What memorials are there to the Shoah as experienced by Bagni di Lucca? In Fornoli there’s the peace park with this memorial to little Liliana, inaugurated in 1999.
It’s next to the primary school where in all probability Liliana would have gone had she lived.
In the park there was this graffiti scrawled over a water pump box:
Amor Vincit Omnia (Love conquers all)
Behind it was the old Ponte delle Catene over the Lima. Built by the great Nottolini in the nineteenth century it seemed to me that both it and the graffiti had a message to say about loving each other and building bridges.
And yet the killing, worse, the genocide, still goes on: by fanatics just across the sea from us and by the sea itself. Since last year over 3,000 people, including a shamefully large number of children, have drowned while trying to cross the Mediterranean in boats handled by unscrupulous people-smugglers .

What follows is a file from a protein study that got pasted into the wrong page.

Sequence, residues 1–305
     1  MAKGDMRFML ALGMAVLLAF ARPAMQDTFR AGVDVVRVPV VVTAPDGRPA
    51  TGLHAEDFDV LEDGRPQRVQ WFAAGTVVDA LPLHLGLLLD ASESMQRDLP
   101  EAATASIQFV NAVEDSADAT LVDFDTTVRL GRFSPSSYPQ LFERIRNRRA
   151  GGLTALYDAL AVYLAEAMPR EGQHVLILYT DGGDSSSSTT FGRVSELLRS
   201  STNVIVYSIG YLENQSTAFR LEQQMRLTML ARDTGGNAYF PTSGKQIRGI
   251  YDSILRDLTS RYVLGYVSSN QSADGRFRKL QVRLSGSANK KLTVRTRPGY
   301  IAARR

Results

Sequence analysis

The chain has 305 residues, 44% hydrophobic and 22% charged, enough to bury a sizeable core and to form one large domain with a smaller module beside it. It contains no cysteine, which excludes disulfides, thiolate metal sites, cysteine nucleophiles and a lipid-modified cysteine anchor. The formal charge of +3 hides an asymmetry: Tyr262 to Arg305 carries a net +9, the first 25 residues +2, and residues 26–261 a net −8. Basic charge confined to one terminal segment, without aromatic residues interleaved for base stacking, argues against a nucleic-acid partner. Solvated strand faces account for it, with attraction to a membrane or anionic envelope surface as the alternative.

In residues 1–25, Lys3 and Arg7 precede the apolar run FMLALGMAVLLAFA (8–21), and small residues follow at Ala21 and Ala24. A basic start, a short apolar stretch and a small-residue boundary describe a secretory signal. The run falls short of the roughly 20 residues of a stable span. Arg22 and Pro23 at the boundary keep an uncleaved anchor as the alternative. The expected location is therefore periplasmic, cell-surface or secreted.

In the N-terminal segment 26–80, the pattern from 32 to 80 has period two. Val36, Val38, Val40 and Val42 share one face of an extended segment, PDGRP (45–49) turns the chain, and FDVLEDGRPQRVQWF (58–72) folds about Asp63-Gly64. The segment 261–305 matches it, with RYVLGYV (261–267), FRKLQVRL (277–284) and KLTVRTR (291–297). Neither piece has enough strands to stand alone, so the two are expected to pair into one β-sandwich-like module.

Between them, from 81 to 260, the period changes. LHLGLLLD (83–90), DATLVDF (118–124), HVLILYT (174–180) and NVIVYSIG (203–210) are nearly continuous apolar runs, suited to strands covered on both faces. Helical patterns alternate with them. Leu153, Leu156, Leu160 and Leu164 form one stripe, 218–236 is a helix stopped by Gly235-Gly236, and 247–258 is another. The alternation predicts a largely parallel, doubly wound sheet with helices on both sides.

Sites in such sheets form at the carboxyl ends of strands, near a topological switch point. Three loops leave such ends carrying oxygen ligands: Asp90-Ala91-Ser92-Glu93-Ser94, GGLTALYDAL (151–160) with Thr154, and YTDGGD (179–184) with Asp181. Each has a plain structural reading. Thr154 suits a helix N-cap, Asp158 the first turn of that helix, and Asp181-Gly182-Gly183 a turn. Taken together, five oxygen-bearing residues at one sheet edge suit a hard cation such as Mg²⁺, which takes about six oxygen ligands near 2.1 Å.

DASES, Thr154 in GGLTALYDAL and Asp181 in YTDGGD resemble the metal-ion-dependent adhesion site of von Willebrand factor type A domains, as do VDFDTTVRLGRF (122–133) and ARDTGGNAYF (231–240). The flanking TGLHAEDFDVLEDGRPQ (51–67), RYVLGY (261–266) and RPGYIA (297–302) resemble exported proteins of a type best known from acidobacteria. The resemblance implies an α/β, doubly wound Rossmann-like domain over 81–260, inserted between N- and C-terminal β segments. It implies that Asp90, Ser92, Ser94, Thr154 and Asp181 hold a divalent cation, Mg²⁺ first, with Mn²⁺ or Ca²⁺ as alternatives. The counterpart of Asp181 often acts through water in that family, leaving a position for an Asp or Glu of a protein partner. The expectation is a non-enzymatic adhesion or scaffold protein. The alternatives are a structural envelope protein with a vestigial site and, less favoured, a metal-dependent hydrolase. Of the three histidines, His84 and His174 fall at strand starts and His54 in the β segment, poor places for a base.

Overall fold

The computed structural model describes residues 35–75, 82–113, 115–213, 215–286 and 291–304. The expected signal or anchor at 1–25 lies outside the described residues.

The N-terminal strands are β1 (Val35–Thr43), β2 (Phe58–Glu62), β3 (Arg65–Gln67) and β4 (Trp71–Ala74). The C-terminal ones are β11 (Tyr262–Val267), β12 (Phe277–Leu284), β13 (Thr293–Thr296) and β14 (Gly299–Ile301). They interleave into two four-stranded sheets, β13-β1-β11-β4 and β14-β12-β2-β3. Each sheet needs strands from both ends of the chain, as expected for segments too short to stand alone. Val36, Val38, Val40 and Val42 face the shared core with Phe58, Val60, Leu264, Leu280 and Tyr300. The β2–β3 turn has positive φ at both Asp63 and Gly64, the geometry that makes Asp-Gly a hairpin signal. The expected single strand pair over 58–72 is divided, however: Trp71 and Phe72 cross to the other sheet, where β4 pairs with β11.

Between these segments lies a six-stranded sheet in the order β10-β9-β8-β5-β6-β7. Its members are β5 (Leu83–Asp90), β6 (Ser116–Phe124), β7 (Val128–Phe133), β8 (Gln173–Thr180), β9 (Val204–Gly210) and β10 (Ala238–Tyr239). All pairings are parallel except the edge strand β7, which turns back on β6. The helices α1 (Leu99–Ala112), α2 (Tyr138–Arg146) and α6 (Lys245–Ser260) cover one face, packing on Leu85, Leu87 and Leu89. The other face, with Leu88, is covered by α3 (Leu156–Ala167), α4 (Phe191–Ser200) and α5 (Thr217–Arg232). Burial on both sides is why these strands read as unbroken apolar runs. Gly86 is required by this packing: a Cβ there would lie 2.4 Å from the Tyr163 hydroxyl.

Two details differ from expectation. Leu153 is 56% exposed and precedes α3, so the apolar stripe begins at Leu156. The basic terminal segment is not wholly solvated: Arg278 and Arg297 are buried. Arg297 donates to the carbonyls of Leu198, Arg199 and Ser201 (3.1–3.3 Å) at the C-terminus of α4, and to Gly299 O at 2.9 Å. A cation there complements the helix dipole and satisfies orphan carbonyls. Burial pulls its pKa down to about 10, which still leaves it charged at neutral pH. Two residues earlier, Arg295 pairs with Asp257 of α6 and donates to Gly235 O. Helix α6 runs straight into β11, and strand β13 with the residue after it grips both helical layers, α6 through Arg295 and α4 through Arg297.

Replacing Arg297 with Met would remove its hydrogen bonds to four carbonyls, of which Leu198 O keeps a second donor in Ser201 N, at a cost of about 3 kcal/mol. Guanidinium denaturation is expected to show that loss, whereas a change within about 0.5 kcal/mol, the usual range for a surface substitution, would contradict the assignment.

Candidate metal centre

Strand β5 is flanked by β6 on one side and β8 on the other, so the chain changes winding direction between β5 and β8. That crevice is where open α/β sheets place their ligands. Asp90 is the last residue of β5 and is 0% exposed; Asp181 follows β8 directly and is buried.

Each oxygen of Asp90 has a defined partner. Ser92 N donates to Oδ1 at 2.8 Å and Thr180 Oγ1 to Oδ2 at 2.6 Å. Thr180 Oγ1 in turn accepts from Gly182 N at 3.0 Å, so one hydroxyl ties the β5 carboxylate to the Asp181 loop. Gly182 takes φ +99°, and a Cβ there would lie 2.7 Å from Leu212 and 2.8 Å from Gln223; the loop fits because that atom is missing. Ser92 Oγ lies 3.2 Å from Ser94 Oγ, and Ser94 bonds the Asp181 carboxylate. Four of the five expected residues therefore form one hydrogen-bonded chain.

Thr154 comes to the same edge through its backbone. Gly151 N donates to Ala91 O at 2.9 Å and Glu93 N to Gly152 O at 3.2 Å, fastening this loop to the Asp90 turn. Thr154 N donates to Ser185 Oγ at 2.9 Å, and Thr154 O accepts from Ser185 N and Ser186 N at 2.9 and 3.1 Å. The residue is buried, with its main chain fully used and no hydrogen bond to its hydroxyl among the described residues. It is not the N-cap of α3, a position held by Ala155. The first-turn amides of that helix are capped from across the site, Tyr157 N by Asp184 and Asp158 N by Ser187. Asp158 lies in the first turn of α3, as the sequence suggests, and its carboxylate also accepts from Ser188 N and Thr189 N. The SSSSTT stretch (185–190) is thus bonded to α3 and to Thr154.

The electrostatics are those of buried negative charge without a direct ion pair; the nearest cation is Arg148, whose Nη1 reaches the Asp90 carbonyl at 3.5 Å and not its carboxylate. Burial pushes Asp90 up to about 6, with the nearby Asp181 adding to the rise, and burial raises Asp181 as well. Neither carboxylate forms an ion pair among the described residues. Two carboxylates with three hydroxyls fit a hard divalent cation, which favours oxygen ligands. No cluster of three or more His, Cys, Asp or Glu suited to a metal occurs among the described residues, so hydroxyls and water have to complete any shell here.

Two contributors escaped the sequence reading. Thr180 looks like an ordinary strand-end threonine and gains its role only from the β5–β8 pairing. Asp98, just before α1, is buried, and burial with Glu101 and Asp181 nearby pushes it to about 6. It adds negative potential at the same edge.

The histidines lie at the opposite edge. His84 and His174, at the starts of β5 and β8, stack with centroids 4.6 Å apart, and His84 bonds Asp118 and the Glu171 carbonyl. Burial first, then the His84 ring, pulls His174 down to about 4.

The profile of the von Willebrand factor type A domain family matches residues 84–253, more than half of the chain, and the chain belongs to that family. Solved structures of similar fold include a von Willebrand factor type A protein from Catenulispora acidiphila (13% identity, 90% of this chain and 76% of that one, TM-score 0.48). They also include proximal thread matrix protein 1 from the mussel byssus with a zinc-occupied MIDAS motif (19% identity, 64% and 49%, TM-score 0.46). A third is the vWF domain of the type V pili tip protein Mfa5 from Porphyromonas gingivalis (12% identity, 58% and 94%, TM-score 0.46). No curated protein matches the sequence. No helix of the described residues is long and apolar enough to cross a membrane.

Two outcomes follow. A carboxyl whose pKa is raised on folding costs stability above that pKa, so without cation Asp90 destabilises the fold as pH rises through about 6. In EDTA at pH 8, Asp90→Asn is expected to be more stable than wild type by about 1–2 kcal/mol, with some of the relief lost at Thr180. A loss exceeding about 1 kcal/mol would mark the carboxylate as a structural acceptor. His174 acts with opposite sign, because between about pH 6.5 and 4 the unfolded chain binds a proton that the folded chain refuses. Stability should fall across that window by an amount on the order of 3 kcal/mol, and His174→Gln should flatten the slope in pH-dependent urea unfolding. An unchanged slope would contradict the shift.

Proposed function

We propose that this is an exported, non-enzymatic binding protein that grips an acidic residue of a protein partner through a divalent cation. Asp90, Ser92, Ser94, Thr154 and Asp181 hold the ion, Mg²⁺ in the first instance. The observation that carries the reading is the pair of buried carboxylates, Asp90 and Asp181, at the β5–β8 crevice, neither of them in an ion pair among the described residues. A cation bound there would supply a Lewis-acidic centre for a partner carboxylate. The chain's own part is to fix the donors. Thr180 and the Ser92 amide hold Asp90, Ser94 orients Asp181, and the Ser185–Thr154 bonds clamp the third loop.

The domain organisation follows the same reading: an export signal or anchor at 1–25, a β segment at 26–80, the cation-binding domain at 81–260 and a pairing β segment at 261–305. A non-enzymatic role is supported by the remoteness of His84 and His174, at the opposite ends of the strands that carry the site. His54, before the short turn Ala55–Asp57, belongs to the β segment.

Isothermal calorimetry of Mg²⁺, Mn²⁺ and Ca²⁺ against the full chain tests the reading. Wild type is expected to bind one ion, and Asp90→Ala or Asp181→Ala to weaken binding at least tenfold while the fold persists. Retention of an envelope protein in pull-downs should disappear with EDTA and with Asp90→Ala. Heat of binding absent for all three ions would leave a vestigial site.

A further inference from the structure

Meanwhile, the sinister and decrepit façade of the old Hotel delle Terme has nothing to show on it that this was the last sight many people would have had of their beloved families and their beautiful country.
This, in my opinion, is a scandal that must be rectified as soon as possible. Here is a building that, more than any other in this area, witnessed man’s brutality to man and people pass by it without realizing what purpose it was used for. A memorial plaque should be placed on it now because if we don’t remember……..
Ash pond reflects clouds
silence by the little wood
a stork takes to flight.
Twisted iron bars
is a heap of crumbling concrete
(Written when I motorbiked to Auschwitz-Birkenau in 2001)